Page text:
Sugar prices in America are as low today as they were in the 1980s, yet the price grocery shoppers pay for sweetened foods is on the rise.  Not surprisingly, so are food manufacturers’ profits.

Still, there’s no shortage of misinformation about sugar prices in America and abroad.   Here are the facts, according to the most recent USDA pricing data.

U.S. Raw Sugar
(the price U.S. producers receive for unrefined sugar)
29.44 cents/pound (Jan.)
U.S. Refined
(the price U.S. food manufacturers and grocery stores pay for U.S. sugar)
28.5 cents/pound (Jan.)
U.S. Retail
(the price U.S. grocery stores charge shoppers after their markup)
61.4 cents/pound (Dec.)

Current Market Trends

  • U.S. raw and wholesale prices plummeted more than 50% from 2010 to 2013 because subsidized Mexican sugar imports created a near-record surplus ratio of 20%.
  • World raw and wholesale prices represent less than 25% of global production and are volatile because of global subsidies.  Increased subsidization and over-production are currently sending prices downward.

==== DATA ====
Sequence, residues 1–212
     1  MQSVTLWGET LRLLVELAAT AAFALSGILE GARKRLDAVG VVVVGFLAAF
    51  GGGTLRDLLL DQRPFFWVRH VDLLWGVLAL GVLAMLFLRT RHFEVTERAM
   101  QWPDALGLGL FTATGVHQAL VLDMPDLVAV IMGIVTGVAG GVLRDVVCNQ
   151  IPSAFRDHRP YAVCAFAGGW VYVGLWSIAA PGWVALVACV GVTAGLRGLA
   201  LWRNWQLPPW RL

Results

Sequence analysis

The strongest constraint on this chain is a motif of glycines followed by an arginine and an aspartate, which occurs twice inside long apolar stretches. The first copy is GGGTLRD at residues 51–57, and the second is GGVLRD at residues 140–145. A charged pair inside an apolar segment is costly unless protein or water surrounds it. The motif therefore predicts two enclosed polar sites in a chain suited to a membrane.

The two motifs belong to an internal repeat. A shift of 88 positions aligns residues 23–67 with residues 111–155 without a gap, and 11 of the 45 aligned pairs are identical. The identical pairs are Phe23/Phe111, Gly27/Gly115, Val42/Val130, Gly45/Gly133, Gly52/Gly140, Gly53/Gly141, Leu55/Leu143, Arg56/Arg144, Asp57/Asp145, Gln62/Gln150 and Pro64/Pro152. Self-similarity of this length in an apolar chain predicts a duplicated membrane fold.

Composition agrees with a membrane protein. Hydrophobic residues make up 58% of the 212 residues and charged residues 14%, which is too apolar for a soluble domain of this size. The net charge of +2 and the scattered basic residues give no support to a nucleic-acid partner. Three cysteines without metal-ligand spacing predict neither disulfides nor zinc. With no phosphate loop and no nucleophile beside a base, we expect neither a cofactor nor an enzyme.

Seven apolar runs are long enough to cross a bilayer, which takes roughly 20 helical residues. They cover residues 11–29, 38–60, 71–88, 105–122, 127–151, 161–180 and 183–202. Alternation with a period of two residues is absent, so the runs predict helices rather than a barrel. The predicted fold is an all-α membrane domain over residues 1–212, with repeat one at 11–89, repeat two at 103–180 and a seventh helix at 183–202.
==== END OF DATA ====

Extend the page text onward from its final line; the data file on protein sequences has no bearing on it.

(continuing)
• Grocers, like food manufacturers, are quick to pass along the cost of rising commodity prices to consumers, yet rarely pass along the savings seen when commodity prices fall.

For Comparison Sake

Producer Prices 1980’s Average 2013 Difference
U.S. Raw Sugar Price 22.16 cents 20.46 cents -8%
US Wholesale Refined Sugar Price 27.06 cents 27.22 cents +1%
Food Manufacturer and Retailer Prices 1980’s Average 2013 Difference
Grocery Store Refined Sugar Price 33.59 cents 64.32 cents +91%
Grocery Store Chocolate Bar Price 34.50 cents $1.39 +303%